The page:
12 Powerful Reasons Why College Students Chose to "Carry That Weight" for National Day Of Action

When Emma Sulkowicz set out on Columbia University’s campus at the beginning of this school year with the intention to carry her dorm room mattress from class to class, the spark of a revolution was ignited. The mission behind Sulkowicz' “Mattress Project/Carry That Weight” was simple, but powerful; when no action was taken after she reported her rapist to the police and filed a Title IX complaint against Columbia, the class of 2015 senior decided she would carry a mattress with her until her assailant is either expelled, or she graduates. On October 29, Sulkowicz was backed by an army of coeds who carried their own mattresses around for National Day of Action, an event organized by student group Carrying the Weight Together as a movement of solidarity demanding reform.

Carrying the Weight Together has organized “collective carries” on Columbia’s campus in the past, where student groups sign up for a time slot during which they can help to carry Sulkowicz’ mattress from one place to another. As part of its Day Of Action, students from 130 different universities across the country brought out their own mattresses to show that they are serious about sexual assault policy reform. The day ended in a rally at Columbia, where speakers including Sulkowicz, New York City Public Advocate Tish James, and Elizabeth Adams of Planned Parenthood of NYC spoke out in demand for justice.

While Sulkowicz has emerged as the figurehead of this student protest against unethical and outdated sexual assault policies held by many universities, she has also empowered others to speak out against rape culture. What started out as a single person’s visual arts thesis project has turned into a massive call to action amongst students who are fighting against universities' lax treatment of sexual assault on the college campus. This is not one voice. It is a chorus of students demanding change and demanding that they be heard. Bustle spoke to Columbia students on campus during yesterday's National Day of Action to hear why they chose to also carry the weight. This is what they had to say:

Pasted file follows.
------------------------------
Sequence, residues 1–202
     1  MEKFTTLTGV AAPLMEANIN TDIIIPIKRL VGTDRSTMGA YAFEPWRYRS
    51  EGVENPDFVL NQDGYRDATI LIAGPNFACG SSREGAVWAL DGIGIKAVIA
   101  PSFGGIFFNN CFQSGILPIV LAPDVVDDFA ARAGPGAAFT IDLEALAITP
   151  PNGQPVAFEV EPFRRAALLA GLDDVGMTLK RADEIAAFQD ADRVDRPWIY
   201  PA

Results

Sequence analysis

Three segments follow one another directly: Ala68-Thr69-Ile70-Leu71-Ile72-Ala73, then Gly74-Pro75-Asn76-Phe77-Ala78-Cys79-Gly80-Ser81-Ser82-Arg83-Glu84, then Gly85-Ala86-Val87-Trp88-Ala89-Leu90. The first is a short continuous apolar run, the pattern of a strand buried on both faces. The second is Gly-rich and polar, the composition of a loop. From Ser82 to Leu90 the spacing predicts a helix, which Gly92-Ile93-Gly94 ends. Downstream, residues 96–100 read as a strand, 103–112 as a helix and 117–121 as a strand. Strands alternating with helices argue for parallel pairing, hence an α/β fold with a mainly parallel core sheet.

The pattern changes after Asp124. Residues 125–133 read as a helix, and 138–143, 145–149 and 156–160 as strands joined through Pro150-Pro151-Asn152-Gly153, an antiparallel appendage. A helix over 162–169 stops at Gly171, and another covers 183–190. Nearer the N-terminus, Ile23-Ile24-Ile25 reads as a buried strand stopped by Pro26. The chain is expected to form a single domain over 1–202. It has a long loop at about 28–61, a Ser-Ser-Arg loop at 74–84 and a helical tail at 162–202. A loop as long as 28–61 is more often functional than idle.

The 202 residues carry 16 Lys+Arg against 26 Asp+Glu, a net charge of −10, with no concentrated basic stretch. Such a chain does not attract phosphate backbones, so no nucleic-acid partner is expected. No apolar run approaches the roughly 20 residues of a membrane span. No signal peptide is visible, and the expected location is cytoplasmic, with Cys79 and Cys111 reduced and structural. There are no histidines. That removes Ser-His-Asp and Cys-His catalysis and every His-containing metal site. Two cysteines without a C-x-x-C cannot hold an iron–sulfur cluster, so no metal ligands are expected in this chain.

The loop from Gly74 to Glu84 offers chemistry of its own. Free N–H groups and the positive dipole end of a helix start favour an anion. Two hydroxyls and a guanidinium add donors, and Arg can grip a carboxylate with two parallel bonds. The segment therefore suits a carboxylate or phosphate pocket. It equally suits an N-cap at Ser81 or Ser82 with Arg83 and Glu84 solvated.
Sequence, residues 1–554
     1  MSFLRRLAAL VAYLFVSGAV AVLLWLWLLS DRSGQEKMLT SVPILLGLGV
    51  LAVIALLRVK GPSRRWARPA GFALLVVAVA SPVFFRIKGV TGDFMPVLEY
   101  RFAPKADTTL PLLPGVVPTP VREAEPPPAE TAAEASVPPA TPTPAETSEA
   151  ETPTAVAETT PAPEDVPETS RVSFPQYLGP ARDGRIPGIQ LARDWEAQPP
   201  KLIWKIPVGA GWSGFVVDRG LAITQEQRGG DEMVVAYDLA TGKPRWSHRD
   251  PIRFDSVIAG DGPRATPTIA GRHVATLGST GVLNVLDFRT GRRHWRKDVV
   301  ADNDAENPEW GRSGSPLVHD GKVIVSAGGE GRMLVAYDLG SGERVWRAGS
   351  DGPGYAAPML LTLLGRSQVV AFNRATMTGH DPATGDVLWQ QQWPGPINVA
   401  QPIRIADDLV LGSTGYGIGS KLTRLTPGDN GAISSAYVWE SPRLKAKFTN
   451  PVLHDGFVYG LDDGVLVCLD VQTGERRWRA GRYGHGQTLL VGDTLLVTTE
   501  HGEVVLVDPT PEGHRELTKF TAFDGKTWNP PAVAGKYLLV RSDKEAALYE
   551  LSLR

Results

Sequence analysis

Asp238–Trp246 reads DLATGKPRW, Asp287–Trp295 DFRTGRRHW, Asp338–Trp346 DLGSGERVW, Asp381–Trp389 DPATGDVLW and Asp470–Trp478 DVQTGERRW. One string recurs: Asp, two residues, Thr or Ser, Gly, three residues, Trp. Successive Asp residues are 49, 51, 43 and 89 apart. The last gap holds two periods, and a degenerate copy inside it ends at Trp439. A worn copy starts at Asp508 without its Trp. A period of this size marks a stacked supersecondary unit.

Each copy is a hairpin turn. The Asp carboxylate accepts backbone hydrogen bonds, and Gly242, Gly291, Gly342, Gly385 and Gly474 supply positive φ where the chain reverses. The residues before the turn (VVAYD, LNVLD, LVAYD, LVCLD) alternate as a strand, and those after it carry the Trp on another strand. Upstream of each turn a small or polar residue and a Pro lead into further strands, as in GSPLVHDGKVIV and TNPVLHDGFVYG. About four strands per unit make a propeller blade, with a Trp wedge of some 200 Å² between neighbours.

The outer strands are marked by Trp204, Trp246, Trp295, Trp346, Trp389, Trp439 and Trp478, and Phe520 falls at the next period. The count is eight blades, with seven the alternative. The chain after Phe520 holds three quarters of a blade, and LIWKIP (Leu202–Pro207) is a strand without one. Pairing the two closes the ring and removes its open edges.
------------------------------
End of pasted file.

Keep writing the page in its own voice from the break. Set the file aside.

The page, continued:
1. To Pressure Universities to Reform Their Policies

"There has been a lot of publicity around how Columbia has handled issues of sexual assault, and students have tried to get justice essentially, but having their assaulters on campus is really damaging for their learning ability and it's completely inappropriate how the university has handled it. So I'm here to put more pressure on the university to update their policy in a way that supports survivors much more comprehensively and thoroughly." — Emily Jones, Barnard College

2. To Empower Other Survivors

"This is a way, as a survivor, to give life to other survivors, and to people who haven't spoken up about their experiences with sexual assault and domestic violence. It's a way to extend the solidarity, and break my own silence." — Terranisha Hiley, Columbia College

3. To Demand Protection for Women

"This is important because right now, we are on a campus that does not protect its women, and when a woman is assaulted, it silences that woman and shames that woman and oppresses that woman...Instead of living in a place that blames the rapist by saying "don't rape," we hear things like, "don't wear short skirts, don't show your cleavage." And then there are women who are raped and the reaction is to protect that male rapist. It's disgusting and it has to stop." — Juliette Kessler, Barnard College

4. To Create A Safe Space